You could be forgiven for thinking that Kourtney Kardashian had revolutionised childbirth, given the reaction to her "pulling a baby out of her vagina" on the US TV show Keeping Up with the Kardashians. Sensational as the headlines are, the reality is almost dull: Kardashian simply pushed baby Penelope out, then reached down to guide her the rest of the way.
Twitter users have branded the birth "gross", "shocking" and "brave", while others have lauded it as a win for "normal" birth in a country where the caesarean rate is 34% and rising.
In my work as a doula, supporting women through birth, I hear the phrase "I would like to catch my own baby" again and again; it's a practice as common as our increasingly medicalised maternity system will allow.
As Sue MacDonald of the Royal College of Midwives explains: "It is normal, and receiving your own baby can be wonderful. Touch is so fundamental to the mother-baby relationship and helps with bonding and breastfeeding. It is far more shocking when the baby is immediately taken away from the mother."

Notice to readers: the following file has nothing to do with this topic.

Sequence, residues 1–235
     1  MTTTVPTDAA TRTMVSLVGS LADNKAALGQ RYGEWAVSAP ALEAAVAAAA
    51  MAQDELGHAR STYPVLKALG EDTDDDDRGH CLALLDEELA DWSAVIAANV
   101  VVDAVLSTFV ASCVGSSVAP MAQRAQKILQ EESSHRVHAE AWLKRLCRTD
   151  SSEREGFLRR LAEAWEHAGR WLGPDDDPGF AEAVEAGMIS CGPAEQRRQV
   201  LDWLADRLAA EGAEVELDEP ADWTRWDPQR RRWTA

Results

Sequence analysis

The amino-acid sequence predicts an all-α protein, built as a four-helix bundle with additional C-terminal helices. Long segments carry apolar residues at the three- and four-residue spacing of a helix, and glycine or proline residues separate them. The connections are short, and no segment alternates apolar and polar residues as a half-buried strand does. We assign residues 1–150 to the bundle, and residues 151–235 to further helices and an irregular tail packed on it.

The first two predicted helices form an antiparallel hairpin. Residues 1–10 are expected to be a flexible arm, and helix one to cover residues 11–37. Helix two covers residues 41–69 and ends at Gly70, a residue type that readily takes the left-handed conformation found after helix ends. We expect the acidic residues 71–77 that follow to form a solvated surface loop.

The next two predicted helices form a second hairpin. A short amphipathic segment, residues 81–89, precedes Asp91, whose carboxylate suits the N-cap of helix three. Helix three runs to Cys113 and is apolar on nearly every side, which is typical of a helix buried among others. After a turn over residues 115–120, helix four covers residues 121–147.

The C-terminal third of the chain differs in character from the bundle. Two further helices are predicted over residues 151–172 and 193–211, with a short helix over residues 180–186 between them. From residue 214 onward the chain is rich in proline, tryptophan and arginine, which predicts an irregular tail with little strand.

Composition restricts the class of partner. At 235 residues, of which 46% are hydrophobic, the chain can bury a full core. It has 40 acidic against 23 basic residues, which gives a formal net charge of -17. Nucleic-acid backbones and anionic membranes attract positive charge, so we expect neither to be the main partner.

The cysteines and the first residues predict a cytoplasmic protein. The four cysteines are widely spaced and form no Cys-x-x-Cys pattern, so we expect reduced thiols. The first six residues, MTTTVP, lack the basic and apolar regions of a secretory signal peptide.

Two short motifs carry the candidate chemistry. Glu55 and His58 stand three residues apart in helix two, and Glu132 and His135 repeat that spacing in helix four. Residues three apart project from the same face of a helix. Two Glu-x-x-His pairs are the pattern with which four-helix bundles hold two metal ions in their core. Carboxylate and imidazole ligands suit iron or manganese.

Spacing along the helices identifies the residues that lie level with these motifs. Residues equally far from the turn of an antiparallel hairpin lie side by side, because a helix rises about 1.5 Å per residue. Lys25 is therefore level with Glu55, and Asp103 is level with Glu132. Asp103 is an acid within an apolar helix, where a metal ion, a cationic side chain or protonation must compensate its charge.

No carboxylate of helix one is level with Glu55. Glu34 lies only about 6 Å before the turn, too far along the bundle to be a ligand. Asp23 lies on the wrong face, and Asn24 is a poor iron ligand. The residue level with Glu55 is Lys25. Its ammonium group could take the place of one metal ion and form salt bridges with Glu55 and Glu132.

More worrying than a woman being the first person to touch her own baby is how helpless society expects women to be during childbirth, and how a woman's body and baby is apparently off limits to her own touch. In the footage of Penelope's birth, Kardashian is far more passive than active: recumbent, seemingly anaesthetised, restricted in movement. Yet she dares to reach down and take her baby, from her own body, and the world recoils in horror.
It feels timely, then, that tens of thousands of women across the globe will screen a new documentary on Thursday called Freedom For Birth, calling for womens' rights in childbirth to be upheld. It is being hailed as a "mothers' revolution": perhaps, when her hands are a little less full, Kardashian will join the uprising.